Thursday, August 10, 2006

Op-Ed: The War of Words, by Neal AbuNab

The war of words and images
By Neal AbuNab

(EDITORS: Syndicated Opinion Columns by Aramedia. Suggested contribution: $40 There is no obligation to pay if you print article.If you decide to make a contribution please request a bill and tell us the amount you would like to contribute. Please state name of publication to be billed. Request bill by email: Contact Neal AbuNab (313) 506-4409, for all other inquiries. Length of article can be edited according to requirements of editors. Aramedia, P.O.Box 7596, Dearborn, MI 48126, USA All Rights reserved 2006.)

“I appeal to you from a wife to another wife to tell me if my husband is still alive”, Karnit Goldwasser, the wife of captured Israeli soldier, Ehud Goldwasser, made her appeal on live television from the studios of Fox News on August 6, 2006. Shlomo, the father of the soldier, appeared with his daughter-in-law and thanked the American Jewish community that helped bring them to America and organize their appearances. Karnit and Ehud had been married for only 9 months when Ehud was “kidnapped” on the last day of his military duty. Karnit told her story to the American people with wedding pictures intertwined with fond memories and longings to live a peaceful and happy life.

Peace and happiness were denied to this couple by the Hizbullah terrorists who are hell-bent on destroying Israel with their hateful ideology. It is a gut-wrenching human story conveyed with such strong emotions that garner the immediate sympathy of any peace-loving human being.

That is the story of Israel in the US media. It is the story of a human tragedy of epic proportions. The story of a persecuted people that escaped total annihilation in Europe and ran off to the land promised to them by God to live in peace and security.

Fox News is the champion of this story as it tells it with great care hosting military experts, terrorism experts, and guests that demand forcefully from the President to declare that “Islam is evil”. The rest of the TV media has somewhat cooled off on its “unconditional love for Israel” message and began focusing on the horrific images of death and destruction coming out of Lebanon. MSNBC is almost approaching the line of balanced reporting which infuriates the lovers of Israel. Pat Buchanan has become the leading contrarian voice answering to the compelling arguments made by seasoned neo-conservative commentators like Charles Krauthammer, Fred Barnes and William Crystol.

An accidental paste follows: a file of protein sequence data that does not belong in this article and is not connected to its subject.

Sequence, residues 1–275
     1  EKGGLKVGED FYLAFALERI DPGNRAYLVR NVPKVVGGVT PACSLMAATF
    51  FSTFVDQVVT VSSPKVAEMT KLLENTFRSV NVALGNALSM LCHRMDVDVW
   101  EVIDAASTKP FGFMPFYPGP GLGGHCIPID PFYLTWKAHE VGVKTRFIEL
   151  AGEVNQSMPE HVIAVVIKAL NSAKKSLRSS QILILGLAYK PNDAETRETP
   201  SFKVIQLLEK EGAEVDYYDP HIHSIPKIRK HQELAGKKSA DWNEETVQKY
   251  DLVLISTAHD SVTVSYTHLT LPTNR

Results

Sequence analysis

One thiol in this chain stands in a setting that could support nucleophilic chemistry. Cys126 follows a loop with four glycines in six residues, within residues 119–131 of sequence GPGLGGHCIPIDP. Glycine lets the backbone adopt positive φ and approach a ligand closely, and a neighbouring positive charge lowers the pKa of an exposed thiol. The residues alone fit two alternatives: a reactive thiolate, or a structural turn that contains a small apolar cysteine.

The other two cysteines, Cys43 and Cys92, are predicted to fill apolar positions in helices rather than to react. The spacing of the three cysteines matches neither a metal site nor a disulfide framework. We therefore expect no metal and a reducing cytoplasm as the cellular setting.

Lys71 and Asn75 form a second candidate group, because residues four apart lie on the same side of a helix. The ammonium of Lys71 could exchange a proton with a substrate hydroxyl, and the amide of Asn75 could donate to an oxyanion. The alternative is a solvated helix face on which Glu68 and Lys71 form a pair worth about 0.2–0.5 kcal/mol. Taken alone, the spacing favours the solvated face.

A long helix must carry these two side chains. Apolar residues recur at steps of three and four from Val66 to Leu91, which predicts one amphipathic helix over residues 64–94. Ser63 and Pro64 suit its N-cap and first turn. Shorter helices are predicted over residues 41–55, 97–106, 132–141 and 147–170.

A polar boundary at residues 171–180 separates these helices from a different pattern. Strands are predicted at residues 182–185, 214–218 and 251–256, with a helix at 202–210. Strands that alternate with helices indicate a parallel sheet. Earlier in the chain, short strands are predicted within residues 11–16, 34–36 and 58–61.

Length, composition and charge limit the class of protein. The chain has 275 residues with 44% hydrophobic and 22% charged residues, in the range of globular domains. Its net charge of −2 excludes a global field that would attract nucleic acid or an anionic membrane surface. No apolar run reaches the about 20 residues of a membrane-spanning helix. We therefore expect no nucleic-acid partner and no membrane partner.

The story of Israel as told to Americans has always been a human story. The labyrinth of politics in the Middle East poses a sort of a mental challenge to the collective mind of America. Since the early days of President Harry Truman there was a conscious decision made on the part of media handlers to reduce this story down to over-simplified human terms and to tell it from the eyes of the victimized Jew. Arabs rarely appeared in this story till the seventies and the eighties, when they began blowing up planes and taking hostages, and so the “terrorist” brand name coined by Israel began sticking.

Why did Arabs blow up planes? The answer offered was simply because they hated Jews. Why do they hate them? Because Arabs are like Hitler and the Nazis of Germany; they have an ideology of hate. Why did Arabs attack America on 9/11? Because they hate Americans. Why do they hate Americans? Because they have an ideology of hate. These simple answers formed the basis of the easy-to-follow logic of “terrorism for dummies”, which allowed savvy Republican strategists to win one election after the other in the past 5 years. This logic formed the basis of the war on terror. But the democrats may have signaled that they are not buying any more of this logic, as they nominated this past week in Connecticut a relatively unknown political entity; Ted Lamont, and rejected the trigger-happy longtime war cheerleader veteran Senator Joe Lieberman.

Ever since the eruption of the latest war in the Middle East, Americans have showed that they have a renewed appetite for more information. This race was championed by cutting-edge journalists like CNN’s Anderson Cooper with his famous “AC360” 2-hour News program. In his search for the story he went to Beirut, Cyprus and Israel. But the time he spent outside of Israel pales in comparison.